But of course it’s also nice to have some insight from the fabricator himself. His perspective offers an interesting look at material choices. Keeping in sync with his conceptual analysis of environmental identities is his interest in what he calls a working-class aesthetic – one driven only by convenience and economic ability. “It’s what I grew up in,” he says, and he finds there is a kind of innocence in this often brightly-colored, arbitrary visual taste. The choices are uneducated, and purely concerned with income – and carry a kind of distinction that he deftly directs in his work. This is a form of decision-making he relates to. Because re-creating them out of expected art materials would remove much of this intrinsic meaning, it’s important to him to use the actual objects and materials of this incidental aesthetic faction. “An Uneven Floor is a big project,” he says, “but I always look for the cheapest materials.” It’s true – Chenille carpet just wouldn’t be the same. This is one more aspect that blows the notion of untouchable art – he is less concerned with preservation and archival materials than the institutional world would have. And having been exposed to trade work in his youth prior to studying art he “doesn’t want to go into the art world only to do what “he” was trained to do.” Like the largely unintentional working class aesthetic, he too feels that he is educated during the process by accidents. “In trade”, he says, “all kinds of limitations are encountered, and factors that change the end result emerge all the time.” Also, by adapting pre-created materials into his work, he touches on the labor that went into constructing the original objects themselves. This calls into question the social-labor hierarchy, and simultaneously relates back to the working class and tradespeople.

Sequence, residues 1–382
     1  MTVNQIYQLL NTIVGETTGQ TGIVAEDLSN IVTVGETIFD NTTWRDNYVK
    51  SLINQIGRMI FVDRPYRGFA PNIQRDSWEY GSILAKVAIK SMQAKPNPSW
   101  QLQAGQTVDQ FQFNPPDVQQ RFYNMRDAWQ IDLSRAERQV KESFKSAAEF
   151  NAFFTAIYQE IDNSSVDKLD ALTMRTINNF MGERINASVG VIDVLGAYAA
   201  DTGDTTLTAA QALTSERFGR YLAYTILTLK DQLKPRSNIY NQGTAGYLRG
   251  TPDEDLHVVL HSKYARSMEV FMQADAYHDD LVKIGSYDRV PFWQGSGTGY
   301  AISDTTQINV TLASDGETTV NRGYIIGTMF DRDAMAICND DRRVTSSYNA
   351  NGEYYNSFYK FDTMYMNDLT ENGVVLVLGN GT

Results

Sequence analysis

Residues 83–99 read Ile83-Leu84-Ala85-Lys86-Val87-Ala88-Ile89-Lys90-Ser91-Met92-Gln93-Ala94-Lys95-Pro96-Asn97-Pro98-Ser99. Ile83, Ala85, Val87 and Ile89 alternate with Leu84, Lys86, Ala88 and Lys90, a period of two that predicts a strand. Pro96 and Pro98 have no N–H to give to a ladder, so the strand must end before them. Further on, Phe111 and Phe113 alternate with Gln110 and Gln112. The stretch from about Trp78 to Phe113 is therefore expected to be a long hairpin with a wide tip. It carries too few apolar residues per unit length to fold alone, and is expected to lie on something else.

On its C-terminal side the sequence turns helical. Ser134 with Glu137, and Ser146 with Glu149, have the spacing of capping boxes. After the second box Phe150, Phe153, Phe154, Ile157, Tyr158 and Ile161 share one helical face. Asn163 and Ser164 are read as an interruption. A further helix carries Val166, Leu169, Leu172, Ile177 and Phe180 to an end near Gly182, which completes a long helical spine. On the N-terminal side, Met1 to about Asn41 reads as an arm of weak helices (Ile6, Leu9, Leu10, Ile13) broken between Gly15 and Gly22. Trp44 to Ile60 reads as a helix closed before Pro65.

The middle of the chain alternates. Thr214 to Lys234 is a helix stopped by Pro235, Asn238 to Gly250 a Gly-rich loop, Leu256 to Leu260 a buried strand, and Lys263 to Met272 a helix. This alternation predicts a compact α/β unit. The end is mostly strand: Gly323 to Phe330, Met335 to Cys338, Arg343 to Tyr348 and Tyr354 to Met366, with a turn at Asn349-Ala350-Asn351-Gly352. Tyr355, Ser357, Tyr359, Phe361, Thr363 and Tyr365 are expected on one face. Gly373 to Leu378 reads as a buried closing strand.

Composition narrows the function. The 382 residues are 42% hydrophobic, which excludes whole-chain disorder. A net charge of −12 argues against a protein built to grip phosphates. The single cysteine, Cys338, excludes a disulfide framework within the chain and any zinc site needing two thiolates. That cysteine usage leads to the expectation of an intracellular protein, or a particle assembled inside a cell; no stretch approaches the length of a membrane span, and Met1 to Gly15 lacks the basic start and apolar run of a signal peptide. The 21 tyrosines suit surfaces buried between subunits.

Encountering an exhibition like An Uneven Floor can be surprisingly jarring. Fuzzy, rolling hazards encroach and sneak-up from all sides, and you can’t be in the space without being on top of, and therefore a part of the piece. Many relayed a resulting sense of anxiety, even terror akin to domestically-set horror films. While the feeling of falseness isn’t completely ignorable, though, Rodriguez-Casanova’s work doesn’t feel like a staging some much as a statement. It’s a concise and methodical point that is raised by re-presenting the obvious. Here, it is merely a continuous interior of carpet – the twist being the uneasy terrain in an unexpected context, and the forced interaction between the work and the viewer. Beyond that, it is up to them to react and interpret, and ultimately join in the discourse. The possibilities are many. Perhaps we take for granted the impact our visual surroundings have on us over the years. Maybe we have settled on a certain level of mediocrity; making a sacrifice for convenience. Maybe being confronted with work like this makes us feel anxious because it provokes us to re-examine our aesthetic choices. Or maybe all of this is subconscious – just a psychological after effect of our own personal visual histories that we can’t see past. After all, however informed, this is only one person’s read.